"I compare Rome, once again, to an artist's studio, not that of the elegant artist, who, like ours, dreams of success and plays a role, but that of an old artist with messy hair who in his time had a streak of genius and who now squabbles with shopkeepers." -Hippolyte Taine
In 1956 while Federico Fellini was in Paris for the premier of I Vitelloni, he received a phone call from a young William Klein who asked to meet and show him his recently published book Life is Good & Good for You in New York. Upon meeting the following day, Fellini mentioned already owning the Italian edition which he said he liked and kept by his bed. According to Klein, within minutes he was invited to become an assistant to Fellini on his latest project, The Nights of Cabiria. His job was to photograph during the casting and document the prospective whores and pimps, black marketeers, hoods, and other "scroungy characters" needed for the film. Finances were delayed and Klein was free for eight weeks to roam the streets looking for his own take on the city, sometimes accompanied by Fellini, Alberto Morovia and other avant-garde writers and artists. Klein's Rome: The City and Its People was published in 1959 and Aperture has just released a new 50th anniversary edition as two books housed in a special PVC slipcase.
Like his reworking of his classic book on New York from 1995 (Marval), Rome + Klein is not a direct facsimile reprint of the original. He has left much of the graphic design by the wayside in favor of full bleed images and inclusion of additional photos that did not appear in the original. As Klein has said of his revisitation of the New York work, "The first book was about graphic design, the second is about photography" - the same approach holds true here.
Klein's Rome, the original, is the only of his "city" books which I do not own so direct comparison is not possible but what I gather is that most of the additional material included in this new edition is from his various fashion assignments shot in the streets with his usual flare for mixing the staged with the unpredictable. Klein has written of the fashion pictures, "I found it hard to take seriously, and the photos were mostly private jokes." What is not a joke is that within eight weeks Klein literally blitzed the city and produced one of his better books in such a short time.
Appropriately not as vertiginous as the New York work, Klein keeps a quick visual pace even among Rome's seemingly sluggish citizens. Rome + Klein opens with a photo of the guard to the famous Cinecitta film studios relaxed next to sculpture of Greco-Roman wrestlers, his rounded stomach more akin to the bulbous fenders of the nearby Vespa scooter than the marbled muscles of his arm-locked ancestors. Klein shoves his Leica and trademark wide lens into the crowds while they walk, eat and play while also making more static (albeit visually loud) portraits of his artist friends that acted sometimes as his guides.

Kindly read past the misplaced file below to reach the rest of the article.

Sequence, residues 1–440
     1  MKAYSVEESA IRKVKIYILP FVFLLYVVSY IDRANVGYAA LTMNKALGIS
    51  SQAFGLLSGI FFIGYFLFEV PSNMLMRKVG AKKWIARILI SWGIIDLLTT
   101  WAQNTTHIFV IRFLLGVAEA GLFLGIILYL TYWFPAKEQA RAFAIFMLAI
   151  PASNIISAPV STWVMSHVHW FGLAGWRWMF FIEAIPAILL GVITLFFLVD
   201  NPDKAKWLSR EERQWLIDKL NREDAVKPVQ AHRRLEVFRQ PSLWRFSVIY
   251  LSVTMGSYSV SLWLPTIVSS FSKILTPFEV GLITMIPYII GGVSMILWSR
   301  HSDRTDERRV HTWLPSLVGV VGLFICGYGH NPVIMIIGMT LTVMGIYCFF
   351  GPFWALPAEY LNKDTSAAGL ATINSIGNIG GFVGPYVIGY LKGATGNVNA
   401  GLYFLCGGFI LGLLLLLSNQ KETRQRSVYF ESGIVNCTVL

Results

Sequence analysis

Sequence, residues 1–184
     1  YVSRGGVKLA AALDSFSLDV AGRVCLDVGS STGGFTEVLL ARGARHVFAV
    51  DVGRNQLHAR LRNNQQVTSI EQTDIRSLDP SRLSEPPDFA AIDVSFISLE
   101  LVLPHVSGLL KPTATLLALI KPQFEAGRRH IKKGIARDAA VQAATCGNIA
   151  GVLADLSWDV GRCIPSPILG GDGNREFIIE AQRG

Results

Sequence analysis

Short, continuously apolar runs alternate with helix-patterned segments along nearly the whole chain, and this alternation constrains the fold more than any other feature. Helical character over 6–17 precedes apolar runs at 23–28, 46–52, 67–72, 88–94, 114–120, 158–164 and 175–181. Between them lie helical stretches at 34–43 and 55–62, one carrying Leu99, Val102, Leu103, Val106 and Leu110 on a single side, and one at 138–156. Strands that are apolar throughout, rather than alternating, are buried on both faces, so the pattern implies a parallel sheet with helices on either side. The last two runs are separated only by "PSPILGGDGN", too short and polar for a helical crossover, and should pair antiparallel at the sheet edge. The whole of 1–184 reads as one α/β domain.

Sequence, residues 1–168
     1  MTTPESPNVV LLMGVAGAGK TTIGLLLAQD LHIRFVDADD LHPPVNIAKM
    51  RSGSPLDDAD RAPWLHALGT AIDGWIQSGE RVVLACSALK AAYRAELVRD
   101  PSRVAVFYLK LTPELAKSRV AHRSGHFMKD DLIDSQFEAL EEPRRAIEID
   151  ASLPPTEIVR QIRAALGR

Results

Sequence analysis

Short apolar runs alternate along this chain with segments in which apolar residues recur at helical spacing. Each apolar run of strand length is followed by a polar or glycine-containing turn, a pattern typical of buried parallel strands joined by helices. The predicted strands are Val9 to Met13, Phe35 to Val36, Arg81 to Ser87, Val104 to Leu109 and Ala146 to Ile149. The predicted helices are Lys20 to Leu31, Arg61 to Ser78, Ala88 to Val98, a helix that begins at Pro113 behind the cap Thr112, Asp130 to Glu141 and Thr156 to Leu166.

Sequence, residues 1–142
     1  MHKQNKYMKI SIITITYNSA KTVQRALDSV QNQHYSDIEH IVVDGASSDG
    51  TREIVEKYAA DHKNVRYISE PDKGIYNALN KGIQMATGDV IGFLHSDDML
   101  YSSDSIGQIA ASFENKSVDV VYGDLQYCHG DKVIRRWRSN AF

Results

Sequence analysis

In one, on invitation from Fellini to meet up with Vittorio De Sica, Klein gets a bonus appearance by Roberto Rossellini and a crowded portrait of three of the greatest film-makers is made, but Klein's image is not one of star struck glamour, he photographs them as if they were anonymous figures found on any street corner.
After a brief introduction about the "why and how" the work came into being, the first book is all photographs whose flow is only interrupted by the chapter divisions which make up the six parts. The second book is a thinner volume of Klein's captions and extended texts from a variety of authors along with design elements that playfully litter the margins. It is within these writings that one discovers Klein's own texts are as entertaining and smart as his photographs. For anyone who has read the Manhadoes essay or captions from the booklet attached to Life is Good... will know, Klein is extremely funny and writes in a style that puts the free verse of some of the Beats to shame. I find it curious that his texts are never mentioned at all in regard to his books since their strength is so apparent.
As books, Rome + Klein are well conceived and beautifully produced. I like the split of the two books into photographs and captions, certainly the smaller caption book may invite people to actually read his texts which in a combined volume would have been a task due to the larger size and weight. The PVC slipcase is printed with the same colorful jacket image that graced the original. My only critique is that Klein has been employing the same typography and layout for several titles now and the graphic elements lack the former surprise and playful irreverence.
Klein has been recognized as one of the major talents of the twentieth century, not only as a photographer but as a film-maker as well. He challenged each medium he tackled from painting to photography to graphic design and I would add, even writing. This work, unlike his work from his hometown of New York, was unplanned and the fruit of a chance meeting. In the words of praise from Fellini, "Rome is a movie, and Klein did it."
Note: Aperture is having a Benefit and Auction on November 2nd. Click here for more information.